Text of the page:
The analysis provides insight into Wipers highly effective method of destroying computer systems, including its unique data wiping pattern and destructive behaviour. Although the search for Wiper resulted in the inadvertent discovery of Flame, Wiper itself was not discovered during the search and is still unidentified. In the meantime, Wipers effective way of destroying machines may have encouraged copycats to create destructive malware such as Shamoon, which appeared in August 2012.
- Kaspersky Lab confirms that Wiper was responsible for the attacks launched on computer systems in Western Asia in April 2012.
- Analysis of hard disk images of the computers destroyed by Wiper revealed a specific data wiping pattern together with a certain malware component name, which started with ~D. These findings are reminiscent of Duqu and Stuxnet, which also used filenames beginning with ~D, and were both built on the same attack platform, known as Tilded.
- Kaspersky Lab began searching for other files starting with ~D via the Kaspersky Security Network (KSN) to try and find additional files of Wiper based on the connection with the Tilded platform.
- During the process Kaspersky Lab identified a significant number of files in Western Asia named ~DEB93D.tmp. Further analysis showed this file was part of a different type of malware: Flame, which is how Kaspersky Lab discovered Flame.
- Despite Flame being discovered during the search for Wiper, Kaspersky Labs research team believes Wiper and Flame are two separate and distinct malicious programs.
- Although Kaspersky Lab analysed traces of the Wiper infection, the malware is still unknown because no additional wiping incidents that followed the same pattern occurred, and no detections of the malware have appeared in Kaspersky Labs proactive protection.
- Wiper was extremely effective and could spark others to create new copycat types of destructive malware like Shamoon.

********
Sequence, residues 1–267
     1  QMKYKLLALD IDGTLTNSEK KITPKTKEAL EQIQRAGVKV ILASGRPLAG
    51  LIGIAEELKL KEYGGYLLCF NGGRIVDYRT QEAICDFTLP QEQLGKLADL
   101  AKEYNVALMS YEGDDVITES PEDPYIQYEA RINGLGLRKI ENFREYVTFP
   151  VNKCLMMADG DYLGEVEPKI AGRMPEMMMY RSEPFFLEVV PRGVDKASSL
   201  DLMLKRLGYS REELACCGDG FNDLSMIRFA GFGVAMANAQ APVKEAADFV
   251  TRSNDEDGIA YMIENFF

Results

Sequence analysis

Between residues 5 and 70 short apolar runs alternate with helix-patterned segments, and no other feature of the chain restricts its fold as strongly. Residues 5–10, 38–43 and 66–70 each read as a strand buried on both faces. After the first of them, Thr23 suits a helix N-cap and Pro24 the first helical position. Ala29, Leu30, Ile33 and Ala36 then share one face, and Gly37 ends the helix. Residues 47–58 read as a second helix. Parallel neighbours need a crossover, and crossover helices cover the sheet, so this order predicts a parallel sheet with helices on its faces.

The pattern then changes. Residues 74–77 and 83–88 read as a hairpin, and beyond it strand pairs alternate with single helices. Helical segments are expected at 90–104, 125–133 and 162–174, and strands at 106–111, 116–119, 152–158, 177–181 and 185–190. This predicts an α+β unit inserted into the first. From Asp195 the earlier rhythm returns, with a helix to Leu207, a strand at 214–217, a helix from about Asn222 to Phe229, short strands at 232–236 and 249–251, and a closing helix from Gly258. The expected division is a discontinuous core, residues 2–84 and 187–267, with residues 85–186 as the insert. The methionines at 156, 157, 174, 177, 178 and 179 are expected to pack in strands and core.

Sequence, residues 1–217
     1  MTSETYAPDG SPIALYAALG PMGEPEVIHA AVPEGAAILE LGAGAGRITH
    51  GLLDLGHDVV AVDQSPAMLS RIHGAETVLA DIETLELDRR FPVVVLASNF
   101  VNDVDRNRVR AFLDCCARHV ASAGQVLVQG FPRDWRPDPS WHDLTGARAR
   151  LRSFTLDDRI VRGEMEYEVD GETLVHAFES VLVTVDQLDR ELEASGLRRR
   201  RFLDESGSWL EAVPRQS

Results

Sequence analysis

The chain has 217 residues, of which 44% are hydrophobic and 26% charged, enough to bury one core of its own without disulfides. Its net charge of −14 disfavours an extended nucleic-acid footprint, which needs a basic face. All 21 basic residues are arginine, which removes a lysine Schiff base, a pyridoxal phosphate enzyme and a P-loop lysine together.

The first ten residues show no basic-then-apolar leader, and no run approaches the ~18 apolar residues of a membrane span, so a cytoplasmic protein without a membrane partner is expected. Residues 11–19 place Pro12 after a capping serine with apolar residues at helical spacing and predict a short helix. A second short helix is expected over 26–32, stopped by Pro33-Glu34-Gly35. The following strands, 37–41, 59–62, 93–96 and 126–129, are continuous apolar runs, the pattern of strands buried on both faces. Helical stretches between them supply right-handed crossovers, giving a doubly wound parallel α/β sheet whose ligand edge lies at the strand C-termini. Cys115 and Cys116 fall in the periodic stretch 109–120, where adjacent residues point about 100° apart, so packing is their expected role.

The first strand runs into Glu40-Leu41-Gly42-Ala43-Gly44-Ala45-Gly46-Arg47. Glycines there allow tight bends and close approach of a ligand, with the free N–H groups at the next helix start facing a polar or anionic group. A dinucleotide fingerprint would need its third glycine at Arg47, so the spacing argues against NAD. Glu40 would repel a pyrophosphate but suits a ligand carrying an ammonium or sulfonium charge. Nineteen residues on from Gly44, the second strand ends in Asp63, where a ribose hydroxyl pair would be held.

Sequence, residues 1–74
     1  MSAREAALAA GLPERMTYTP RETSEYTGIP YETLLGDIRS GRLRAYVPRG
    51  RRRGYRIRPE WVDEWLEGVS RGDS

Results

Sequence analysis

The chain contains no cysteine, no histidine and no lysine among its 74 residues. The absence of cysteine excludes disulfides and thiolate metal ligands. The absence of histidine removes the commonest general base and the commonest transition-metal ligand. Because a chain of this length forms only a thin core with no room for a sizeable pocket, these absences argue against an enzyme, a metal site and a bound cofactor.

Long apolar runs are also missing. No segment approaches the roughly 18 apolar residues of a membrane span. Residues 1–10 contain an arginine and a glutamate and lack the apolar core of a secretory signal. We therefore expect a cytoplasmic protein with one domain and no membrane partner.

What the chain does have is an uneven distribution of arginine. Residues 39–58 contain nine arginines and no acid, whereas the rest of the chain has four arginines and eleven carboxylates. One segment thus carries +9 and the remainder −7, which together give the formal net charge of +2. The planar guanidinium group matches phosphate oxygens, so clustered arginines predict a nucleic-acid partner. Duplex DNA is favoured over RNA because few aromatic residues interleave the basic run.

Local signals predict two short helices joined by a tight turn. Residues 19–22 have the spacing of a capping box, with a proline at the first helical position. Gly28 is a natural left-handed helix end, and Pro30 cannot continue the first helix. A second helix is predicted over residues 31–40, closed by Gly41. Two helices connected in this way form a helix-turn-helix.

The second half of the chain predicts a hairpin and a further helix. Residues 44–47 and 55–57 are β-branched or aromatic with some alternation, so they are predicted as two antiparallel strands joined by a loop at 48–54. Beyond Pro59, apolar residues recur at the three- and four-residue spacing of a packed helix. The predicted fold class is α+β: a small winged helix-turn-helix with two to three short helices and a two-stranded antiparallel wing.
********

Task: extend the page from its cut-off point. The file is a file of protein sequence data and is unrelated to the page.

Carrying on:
Alexander Gostev, Chief Security Expert at Kaspersky Lab, said:
Based on our analysis of the patterns Wiper left on examined hard disk images, there is no doubt that the malware existed and was used to attack computer systems in Western Asia in April of 2012, and probably even earlier – in December of 2011.
Even though we discovered Flame during the search for Wiper, we believe that Wiper was not Flame but a separate and different type of malware.
Wipers destructive behaviour combined with the filenames that were left on wiped systems strongly resembles a program that used the Tilded platform. Flames modular architecture was completely different and was designed to execute a sustained and thorough cyber-espionage campaign.
We also did not identify any identical destructive behaviour that was used by Wiper during our analysis of Flame.
Forensic Analysis of Wiped Computers
Kaspersky Labs analysis of the hard disk images taken by the machines destroyed by Wiper showed that the malicious program wiped the hard disks of the targeted systems and destroyed all data that could be used to identify the malware. The file system corrupted by Wiper prevented computers from rebooting and caused improper general functioning. This meant nothing was left after the activation of Wiper, on any machine that was analysed with little chance of recovering or restoring any data.
However, Kaspersky Labs research did reveal valuable insight, including the specific wiping pattern used by the malware along with certain malware component names and, in some instances, registry keys that revealed previous file names that were wiped from the hard disk. These registry keys all pointed to filenames that began with ~D.
Unique Wiping Pattern
Analysis of the wiping pattern uncovered a consistent method that was used on each machine that Wiper was activated on. Wipers algorithm was designed to quickly destroy as many files as effectively as possible – multiple gigabytes at a time. About three of four targeted machines had their data completely wiped. The operation focusing on destroying the first half of the disk then systematically wiping the remaining files that are required for the system to function properly, leading to the system finally crashing. In addition, Kaspersky Lab is aware of Wiper attacks that targeted PNF files, which would be meaningless if not related to removal of additional malware components. This was also an interesting finding, since Duqu and Stuxnet kept their main body encrypted in PNF files.
How the Search for Wiper Led to the Discovery of Flame
Temporary files (TMP) beginning with ~D were also used by Duqu, which was built on the same attack platform as Stuxnet: the Tilded platform. Based on this information, the research team started looking for other potentially unknown filenames related to Wiper based on the Tilded platform. They used KSN – the cloud infrastructure used by Kaspersky Lab products to report telemetry and to deliver instant protection in the forms of blacklists and heuristic rules designed to catch the newest threats. During this process Kaspersky Labs research team found that several computers in Western Asia contained the filename ~DEB93D.tmp which is how Kaspersky Lab discovered Flame; however, Wiper was not found using this method and is still unidentified.